Implanted Medical Sensors Dissolve to Avoid Surgery

Surgeons in the operating room.

Engineers at the University of Connecticut recently unveiled a prototype of a biodegradable pressure sensor that, once surgically placed, could help doctors monitor chronic disease and internal activity before dissolving harmlessly in a patient's body. The small, flexible sensor is made of materials approved for medical use by the Food and Drug Administration (FDA).

These sensors could prove less intrusive than those that currently require surgical removal. It’s comprised of two layers of piezoelectric Poly-L-lactic Acid (PLLA) film sandwiched between molybdenum electrodes and then encapsulated with layers of polylactic acid. The PLLA emits a small electrical charge when even the most minute pressure is applied. These signals can be captured and transmitted to another device and reviewed by a doctor. The molybdenum and polylactic acid are both common materials used for surgical elements that include bone screws, stents, and hip implants.

One of the project's most significant challenges was getting the biodegradable material to produce an electrical charge, as PLLA doesn't emit an electrical charge under pressure in its natural state. So, it was carefully heated, stretched and cut in ways that allowed it to adopt piezoelectric properties. It was then connected to electronic circuits.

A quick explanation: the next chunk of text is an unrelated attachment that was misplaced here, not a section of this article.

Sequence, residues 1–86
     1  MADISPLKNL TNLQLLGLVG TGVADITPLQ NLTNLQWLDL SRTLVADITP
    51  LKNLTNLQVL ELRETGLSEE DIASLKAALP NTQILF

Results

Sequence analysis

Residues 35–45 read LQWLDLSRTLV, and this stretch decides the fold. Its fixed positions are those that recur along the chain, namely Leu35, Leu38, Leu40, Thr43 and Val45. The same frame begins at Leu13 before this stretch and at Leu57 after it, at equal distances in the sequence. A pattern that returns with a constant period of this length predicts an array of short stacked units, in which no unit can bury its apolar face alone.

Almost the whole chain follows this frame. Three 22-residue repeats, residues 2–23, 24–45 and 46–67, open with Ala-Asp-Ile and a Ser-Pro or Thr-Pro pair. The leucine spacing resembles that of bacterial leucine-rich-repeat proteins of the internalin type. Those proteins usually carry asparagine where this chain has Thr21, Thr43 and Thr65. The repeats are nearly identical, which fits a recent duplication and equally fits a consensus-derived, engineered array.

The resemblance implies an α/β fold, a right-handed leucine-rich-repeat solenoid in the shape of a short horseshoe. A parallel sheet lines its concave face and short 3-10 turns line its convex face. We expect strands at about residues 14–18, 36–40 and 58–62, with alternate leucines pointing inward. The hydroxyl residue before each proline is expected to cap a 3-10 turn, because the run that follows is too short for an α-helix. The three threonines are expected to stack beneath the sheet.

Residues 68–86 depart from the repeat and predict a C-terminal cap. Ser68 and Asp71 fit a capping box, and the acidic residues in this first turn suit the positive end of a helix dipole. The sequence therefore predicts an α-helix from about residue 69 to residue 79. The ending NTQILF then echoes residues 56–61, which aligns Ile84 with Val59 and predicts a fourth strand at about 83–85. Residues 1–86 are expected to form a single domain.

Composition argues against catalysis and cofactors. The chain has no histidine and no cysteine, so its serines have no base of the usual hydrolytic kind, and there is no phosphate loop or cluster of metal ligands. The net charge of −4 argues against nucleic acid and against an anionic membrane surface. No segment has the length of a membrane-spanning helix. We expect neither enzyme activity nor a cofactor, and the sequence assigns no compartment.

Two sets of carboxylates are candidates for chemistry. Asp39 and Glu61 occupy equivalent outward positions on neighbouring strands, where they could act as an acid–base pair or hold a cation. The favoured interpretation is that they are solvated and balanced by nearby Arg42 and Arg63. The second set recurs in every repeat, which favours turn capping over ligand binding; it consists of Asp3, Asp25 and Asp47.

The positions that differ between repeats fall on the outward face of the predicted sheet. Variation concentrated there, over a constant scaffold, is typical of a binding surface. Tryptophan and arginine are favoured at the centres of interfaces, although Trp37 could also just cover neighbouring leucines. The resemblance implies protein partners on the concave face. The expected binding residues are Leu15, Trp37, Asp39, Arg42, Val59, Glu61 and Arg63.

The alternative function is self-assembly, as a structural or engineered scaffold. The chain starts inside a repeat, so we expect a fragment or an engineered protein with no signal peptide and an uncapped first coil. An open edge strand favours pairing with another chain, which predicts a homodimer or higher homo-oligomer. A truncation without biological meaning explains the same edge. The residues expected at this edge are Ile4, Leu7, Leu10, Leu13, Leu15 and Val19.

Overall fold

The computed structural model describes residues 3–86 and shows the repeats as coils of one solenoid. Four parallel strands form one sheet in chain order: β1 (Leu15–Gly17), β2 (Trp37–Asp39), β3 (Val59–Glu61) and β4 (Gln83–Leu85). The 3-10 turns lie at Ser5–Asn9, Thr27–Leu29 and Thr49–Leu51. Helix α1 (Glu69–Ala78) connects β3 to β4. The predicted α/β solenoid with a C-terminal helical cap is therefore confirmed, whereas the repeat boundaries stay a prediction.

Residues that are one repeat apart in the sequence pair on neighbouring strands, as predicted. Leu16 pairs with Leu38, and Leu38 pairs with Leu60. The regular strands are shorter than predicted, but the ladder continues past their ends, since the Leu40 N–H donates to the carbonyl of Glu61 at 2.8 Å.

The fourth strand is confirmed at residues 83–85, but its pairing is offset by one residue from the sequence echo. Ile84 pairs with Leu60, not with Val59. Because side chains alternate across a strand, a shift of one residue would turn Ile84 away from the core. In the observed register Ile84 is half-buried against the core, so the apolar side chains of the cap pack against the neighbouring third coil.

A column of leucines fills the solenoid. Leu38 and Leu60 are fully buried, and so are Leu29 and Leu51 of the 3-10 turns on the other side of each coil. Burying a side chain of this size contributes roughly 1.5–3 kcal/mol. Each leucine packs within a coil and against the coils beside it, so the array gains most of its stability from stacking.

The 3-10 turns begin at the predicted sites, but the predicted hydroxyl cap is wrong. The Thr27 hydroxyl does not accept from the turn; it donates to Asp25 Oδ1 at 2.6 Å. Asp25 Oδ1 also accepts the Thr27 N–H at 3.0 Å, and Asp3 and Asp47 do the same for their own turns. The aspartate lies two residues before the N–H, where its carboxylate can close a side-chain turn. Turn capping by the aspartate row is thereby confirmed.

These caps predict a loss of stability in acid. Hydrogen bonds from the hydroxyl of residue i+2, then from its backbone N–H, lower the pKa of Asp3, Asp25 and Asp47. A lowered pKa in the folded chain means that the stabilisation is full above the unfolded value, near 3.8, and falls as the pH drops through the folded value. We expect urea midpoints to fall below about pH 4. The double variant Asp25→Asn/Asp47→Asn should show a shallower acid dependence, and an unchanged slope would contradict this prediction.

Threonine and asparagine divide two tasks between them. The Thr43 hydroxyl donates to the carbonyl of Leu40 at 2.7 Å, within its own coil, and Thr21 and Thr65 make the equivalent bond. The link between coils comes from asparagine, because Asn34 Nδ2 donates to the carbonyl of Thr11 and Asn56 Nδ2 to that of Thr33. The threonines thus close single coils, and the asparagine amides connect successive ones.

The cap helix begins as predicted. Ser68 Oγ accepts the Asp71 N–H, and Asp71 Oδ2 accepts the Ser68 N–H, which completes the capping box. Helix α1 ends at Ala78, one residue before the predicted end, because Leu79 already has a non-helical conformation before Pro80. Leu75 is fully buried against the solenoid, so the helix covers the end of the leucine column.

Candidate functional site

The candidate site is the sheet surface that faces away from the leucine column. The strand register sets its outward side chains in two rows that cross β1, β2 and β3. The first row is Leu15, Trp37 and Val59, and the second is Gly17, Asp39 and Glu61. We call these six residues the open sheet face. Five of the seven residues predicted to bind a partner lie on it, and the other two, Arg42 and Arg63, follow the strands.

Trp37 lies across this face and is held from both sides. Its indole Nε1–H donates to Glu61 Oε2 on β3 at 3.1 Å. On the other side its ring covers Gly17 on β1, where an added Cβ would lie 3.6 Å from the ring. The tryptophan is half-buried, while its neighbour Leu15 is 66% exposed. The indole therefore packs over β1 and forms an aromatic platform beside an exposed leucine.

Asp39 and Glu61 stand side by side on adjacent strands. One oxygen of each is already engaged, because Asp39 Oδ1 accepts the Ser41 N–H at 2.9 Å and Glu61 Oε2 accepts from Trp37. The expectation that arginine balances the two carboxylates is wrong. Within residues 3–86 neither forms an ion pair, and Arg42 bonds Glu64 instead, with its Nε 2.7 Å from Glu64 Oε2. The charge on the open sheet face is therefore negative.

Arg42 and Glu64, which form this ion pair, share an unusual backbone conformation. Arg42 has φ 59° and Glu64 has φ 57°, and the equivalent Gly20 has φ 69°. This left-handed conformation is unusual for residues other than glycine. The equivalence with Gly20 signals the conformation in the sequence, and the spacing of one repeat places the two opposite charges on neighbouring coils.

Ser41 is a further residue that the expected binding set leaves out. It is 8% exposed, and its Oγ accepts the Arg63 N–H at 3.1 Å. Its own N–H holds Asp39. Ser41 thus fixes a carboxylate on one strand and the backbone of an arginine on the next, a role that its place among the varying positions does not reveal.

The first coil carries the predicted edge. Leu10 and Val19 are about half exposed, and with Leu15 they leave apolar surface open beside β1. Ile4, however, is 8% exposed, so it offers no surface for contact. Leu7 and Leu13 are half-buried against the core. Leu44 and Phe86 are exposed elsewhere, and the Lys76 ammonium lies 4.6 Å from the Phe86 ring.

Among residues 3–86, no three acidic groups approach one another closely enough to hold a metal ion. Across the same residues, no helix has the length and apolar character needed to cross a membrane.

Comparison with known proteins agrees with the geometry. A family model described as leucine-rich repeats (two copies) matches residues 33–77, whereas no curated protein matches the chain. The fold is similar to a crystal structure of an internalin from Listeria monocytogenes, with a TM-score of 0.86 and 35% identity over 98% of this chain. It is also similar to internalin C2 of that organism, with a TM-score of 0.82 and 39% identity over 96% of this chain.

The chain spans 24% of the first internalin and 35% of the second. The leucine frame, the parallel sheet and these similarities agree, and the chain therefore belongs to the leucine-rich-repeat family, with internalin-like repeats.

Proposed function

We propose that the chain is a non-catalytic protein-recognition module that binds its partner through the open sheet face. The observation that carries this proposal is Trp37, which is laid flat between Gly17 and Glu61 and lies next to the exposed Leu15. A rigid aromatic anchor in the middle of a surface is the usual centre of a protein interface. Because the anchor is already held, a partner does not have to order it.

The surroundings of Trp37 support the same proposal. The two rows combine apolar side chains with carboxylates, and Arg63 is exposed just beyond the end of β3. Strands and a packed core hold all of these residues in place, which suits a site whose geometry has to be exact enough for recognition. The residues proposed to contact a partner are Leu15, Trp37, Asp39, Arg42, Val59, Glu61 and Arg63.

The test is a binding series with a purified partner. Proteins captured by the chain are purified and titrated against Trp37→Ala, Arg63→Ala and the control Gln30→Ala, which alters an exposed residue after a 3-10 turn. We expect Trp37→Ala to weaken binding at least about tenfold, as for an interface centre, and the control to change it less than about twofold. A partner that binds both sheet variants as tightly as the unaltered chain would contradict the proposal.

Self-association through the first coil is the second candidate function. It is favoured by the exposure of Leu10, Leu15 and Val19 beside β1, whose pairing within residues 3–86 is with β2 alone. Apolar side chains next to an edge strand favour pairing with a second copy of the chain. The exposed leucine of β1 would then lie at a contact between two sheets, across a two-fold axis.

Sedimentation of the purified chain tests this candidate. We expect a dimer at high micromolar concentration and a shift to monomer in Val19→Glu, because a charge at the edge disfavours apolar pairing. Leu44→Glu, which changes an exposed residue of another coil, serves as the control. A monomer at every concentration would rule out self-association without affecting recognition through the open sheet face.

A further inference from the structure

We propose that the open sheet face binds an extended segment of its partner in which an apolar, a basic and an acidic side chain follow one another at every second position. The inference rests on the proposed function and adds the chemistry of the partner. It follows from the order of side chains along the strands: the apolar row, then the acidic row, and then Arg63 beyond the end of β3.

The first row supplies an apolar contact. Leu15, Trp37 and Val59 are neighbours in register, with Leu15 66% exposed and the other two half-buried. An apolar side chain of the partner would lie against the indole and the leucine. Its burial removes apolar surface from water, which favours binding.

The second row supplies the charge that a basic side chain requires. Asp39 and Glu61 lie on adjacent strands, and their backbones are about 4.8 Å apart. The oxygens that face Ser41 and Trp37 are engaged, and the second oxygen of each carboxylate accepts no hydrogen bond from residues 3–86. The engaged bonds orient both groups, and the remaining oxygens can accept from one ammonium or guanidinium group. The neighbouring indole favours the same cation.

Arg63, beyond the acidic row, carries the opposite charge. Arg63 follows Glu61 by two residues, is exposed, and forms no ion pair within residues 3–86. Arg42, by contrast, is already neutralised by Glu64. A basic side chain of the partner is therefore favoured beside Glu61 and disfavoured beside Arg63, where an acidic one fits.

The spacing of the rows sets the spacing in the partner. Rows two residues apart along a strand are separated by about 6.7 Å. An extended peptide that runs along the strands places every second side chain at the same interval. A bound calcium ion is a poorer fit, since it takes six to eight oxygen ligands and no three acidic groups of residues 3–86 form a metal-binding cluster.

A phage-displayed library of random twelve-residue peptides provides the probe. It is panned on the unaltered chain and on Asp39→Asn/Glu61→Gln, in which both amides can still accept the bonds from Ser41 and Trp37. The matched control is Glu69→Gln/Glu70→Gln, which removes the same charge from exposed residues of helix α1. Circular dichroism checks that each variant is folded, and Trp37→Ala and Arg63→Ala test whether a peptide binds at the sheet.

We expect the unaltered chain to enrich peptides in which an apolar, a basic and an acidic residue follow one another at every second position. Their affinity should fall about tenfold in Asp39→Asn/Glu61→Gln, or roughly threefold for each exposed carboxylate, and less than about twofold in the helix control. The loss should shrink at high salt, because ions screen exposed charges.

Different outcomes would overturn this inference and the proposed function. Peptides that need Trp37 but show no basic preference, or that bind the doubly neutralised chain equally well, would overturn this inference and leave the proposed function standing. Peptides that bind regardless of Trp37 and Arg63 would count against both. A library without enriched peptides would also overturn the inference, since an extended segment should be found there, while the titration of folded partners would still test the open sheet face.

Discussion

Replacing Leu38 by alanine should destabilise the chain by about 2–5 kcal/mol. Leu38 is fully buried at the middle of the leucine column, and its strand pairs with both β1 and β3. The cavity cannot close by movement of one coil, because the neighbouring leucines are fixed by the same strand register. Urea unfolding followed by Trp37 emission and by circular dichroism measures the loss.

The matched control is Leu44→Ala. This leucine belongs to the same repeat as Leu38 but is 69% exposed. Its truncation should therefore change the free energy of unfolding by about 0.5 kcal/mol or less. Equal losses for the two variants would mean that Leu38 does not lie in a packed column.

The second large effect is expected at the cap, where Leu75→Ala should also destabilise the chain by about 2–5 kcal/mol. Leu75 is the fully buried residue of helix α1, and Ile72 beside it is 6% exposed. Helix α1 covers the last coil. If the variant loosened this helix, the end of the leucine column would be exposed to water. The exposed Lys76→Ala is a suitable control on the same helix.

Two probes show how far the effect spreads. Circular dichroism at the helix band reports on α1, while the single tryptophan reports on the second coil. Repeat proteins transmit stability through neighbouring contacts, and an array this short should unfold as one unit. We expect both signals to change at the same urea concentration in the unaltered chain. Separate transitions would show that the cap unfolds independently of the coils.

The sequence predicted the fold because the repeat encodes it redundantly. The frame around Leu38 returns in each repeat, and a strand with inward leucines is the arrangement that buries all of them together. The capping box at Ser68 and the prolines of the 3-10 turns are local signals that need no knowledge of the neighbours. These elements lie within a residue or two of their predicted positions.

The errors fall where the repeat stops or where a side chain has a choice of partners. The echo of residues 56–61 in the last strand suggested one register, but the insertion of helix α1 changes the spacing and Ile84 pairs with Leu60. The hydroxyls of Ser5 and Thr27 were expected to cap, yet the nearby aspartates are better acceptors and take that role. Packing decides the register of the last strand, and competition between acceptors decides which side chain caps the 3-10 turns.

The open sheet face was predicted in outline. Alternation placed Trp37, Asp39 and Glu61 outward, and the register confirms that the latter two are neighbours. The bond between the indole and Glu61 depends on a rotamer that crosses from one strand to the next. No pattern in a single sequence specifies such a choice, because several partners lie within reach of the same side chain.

The device was tested on a mouse and provided readings equal to those currently in use, and with no side-effects from the material composition. Potential applications could include monitoring patients with glaucoma, heart disease, brain swelling, or bladder cancer. The device may also offer electrical stimulation capabilities for helping to regenerate tissue.

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